‘Stand With Covington’ Campaign GoFundMe Created

A GoFundMe has been created for the ‘Stand With Covington’ campaign founded by Republican student activist CJ Pearson.

Pearson, who has penned the #StandWithCovington campaign, wrote, “Over the course of the past 72 hours, students at Covington Catholic High School have been met with death threats, doxxing, and defamation. One video – taken completely out of context – has completely changed the lives of the boys of Covington Catholic.

Pearson said the students have “been labeled racists and white supremacists – even baby bigots.”

Pearson, in his description on the fundraising page, says the students have been victimized by the media.

“However, as this episode has played out, new videos have emerged, directly in conflict with the narrative of the mainstream media. It was not the students from Covington who approached the Native American. It was the Native American who approached the students from Covington. It was not the students from Covington who chanted ‘Build The Wall.’ It was, however, one of the Native Americans who told the students from Covington to ‘go back to Europe.’ It was not the students from Covington who instigated this fiasco. It was a Native American activist, Nathan Phillips. In their honor, and with the blessing of many parents and students at Covington Catholic, I have created this GoFundMe campaign – in honor of my newfound friends at Covington Catholic. This fund will be used to offset costs associated with the legal, public relations, and on the ground efforts of the #StandWithCovington campaign. The Covington Boys didn’t go to D.C. to become famous. They went to D.C. to March For Life – in support of the unborn. So, with that being said, 50% of all money raised will be donated to Students For Life – the nation’s largest youth pro-life organization.”

In the first hour that the GoFundMe page was up, it had raised more than 15 percent of its $50,000 goal and was described as “trending.” And, in the first few minutes after its launch, hundreds had already donated and many shared comments.

“We MUST PROTECT and DEFEND our Christian youth, for these are our future Revolutionaries! These are those whom will RESTORE Allegiance to the United States of America and to the Republic for which it stands, One Nation Under God, With liberty and justice for All! May God Keep, Protect and Bless Them All,” wrote one. The comment section has since been removed.

In addition, to helping the campaign supporting the students, it’s also raising money for Students for Life.

The students from the Kentucky parochial school were in Washington D.C. for the annual March For Life.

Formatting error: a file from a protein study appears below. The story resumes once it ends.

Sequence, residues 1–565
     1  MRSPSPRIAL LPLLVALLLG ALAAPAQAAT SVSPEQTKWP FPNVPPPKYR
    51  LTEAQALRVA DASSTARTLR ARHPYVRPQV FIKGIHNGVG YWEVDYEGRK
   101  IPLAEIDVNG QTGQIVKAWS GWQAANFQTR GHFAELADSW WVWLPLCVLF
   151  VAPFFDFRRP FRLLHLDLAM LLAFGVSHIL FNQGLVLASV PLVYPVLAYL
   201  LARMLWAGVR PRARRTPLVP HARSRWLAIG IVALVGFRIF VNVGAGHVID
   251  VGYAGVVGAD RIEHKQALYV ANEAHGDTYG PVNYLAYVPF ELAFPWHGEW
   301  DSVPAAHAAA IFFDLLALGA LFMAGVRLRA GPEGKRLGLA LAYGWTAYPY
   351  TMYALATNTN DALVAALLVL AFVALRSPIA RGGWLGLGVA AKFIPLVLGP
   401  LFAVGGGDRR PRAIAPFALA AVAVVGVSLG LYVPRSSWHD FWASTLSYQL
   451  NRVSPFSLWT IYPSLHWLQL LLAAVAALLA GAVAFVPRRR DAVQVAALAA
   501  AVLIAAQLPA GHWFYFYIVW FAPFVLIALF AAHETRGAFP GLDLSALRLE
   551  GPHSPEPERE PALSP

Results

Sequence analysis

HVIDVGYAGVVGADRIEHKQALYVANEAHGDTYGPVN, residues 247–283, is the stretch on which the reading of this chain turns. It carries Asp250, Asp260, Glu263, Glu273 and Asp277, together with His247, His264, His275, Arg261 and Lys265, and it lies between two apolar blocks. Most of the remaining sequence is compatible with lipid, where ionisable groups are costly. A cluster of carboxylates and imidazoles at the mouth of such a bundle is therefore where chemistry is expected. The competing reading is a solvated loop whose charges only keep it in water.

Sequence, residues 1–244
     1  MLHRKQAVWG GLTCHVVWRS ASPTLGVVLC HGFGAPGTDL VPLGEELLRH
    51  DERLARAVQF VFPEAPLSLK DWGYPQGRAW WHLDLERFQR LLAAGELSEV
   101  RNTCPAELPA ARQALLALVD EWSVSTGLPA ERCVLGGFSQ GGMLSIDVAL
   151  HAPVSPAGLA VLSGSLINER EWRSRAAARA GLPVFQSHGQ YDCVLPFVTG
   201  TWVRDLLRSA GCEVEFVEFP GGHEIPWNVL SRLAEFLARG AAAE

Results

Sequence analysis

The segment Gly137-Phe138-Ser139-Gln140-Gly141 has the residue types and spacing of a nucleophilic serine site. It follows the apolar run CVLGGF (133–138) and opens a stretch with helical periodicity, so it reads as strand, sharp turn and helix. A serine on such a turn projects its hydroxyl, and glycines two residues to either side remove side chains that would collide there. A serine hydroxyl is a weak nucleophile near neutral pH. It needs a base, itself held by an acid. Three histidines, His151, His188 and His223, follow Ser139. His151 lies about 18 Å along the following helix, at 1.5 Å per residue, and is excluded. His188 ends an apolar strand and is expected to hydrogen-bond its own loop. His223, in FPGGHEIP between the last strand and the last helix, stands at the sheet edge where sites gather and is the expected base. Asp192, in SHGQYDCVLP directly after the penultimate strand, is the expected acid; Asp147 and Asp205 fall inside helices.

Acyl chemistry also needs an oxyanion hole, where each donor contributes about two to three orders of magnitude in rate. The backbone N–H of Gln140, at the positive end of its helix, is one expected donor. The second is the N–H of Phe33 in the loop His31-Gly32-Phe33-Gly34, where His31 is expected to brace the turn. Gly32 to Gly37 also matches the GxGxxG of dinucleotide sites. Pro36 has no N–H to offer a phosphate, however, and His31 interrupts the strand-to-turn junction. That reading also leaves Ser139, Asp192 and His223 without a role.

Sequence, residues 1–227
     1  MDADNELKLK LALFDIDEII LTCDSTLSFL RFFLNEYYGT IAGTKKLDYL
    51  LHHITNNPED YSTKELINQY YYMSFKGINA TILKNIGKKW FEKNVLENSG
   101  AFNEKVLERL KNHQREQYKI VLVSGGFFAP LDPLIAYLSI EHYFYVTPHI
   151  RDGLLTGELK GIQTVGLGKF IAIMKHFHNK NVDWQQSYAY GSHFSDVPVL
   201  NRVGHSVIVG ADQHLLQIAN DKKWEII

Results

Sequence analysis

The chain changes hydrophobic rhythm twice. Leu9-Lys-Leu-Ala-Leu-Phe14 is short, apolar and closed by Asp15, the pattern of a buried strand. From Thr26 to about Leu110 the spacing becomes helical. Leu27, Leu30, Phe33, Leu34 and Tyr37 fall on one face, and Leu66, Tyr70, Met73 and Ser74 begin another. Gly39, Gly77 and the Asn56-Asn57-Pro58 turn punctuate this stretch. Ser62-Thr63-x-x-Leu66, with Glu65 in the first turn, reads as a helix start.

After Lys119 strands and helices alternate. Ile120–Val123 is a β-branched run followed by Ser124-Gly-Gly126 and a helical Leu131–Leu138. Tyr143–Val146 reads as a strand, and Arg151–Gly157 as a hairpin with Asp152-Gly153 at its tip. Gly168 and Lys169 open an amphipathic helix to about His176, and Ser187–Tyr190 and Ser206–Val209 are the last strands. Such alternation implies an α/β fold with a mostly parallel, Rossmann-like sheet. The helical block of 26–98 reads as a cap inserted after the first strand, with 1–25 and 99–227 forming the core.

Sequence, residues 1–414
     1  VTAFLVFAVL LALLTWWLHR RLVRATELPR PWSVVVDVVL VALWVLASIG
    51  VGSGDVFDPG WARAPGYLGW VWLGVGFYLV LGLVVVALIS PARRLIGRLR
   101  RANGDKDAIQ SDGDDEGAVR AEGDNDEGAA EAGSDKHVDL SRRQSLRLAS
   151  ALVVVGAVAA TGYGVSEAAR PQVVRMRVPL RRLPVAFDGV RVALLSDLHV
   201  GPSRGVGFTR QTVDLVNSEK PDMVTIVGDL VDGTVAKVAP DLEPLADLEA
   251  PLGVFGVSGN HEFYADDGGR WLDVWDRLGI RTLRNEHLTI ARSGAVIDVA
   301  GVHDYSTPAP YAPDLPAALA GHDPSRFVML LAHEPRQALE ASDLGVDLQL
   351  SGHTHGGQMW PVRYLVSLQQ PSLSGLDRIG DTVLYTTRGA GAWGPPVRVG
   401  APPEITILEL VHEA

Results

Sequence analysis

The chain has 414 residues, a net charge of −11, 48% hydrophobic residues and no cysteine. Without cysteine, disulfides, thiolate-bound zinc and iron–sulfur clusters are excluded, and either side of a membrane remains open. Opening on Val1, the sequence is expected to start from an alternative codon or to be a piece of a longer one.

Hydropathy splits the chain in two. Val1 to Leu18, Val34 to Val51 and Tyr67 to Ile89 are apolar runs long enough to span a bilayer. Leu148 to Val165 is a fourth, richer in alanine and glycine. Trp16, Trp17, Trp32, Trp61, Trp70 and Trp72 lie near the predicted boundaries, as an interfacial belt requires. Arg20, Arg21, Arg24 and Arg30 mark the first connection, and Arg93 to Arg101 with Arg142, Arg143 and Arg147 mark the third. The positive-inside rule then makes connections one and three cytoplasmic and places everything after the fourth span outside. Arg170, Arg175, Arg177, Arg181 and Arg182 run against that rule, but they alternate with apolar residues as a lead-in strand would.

Many of the students were seen wearing ‘Make America Great Again’ apparel. Following the march, students from Covington Catholic were involved in a face-off with the fringe group the Black Hebrew Israelites and then, with Native American activist Nathan Phillips.

In the viral video, students can be seen engaging with Philips who plays the drum and sings as students are seen singing along, laughing and seemingly mocking the man. The interpretation of the video as being a scene of white MAGA youths ridiculing and mocking a Native American elder segued into another interpretation when, as was published by Heavy, a fuller picture emerged of the teens first interacting with the Black Hebrew Israelites, who shouted epithets at the teens, who soon responded with a chant of their own: their a school fight song.

Phillips, who was with other Native Americans at the Lincoln Memorial as part of the Indigenous Peoples’ Day rally, moved toward the teens and soon, was face-to-face with Nicholas Sandmann who says that not only was he not mocking Phillips, he was rather, he said, trying to keep the peace and alleged Phillips had targeted him for a confrontation.

An investigation of the incident is underway by the Catholic Diocese of Covington.

WATCH: Covington Catholic Students Respond For The First Time To Media LiesCovington Catholic High Students respond to the slander, libel, and bigotry they've faced in the last 48 hours for the first time.2019-01-22T00:43:10.000Z

In a video posted by Pearson, Covington students Grant Hillmann and Sam Schroder, who were not at the march, say Covington students and their families lives have been threatened.

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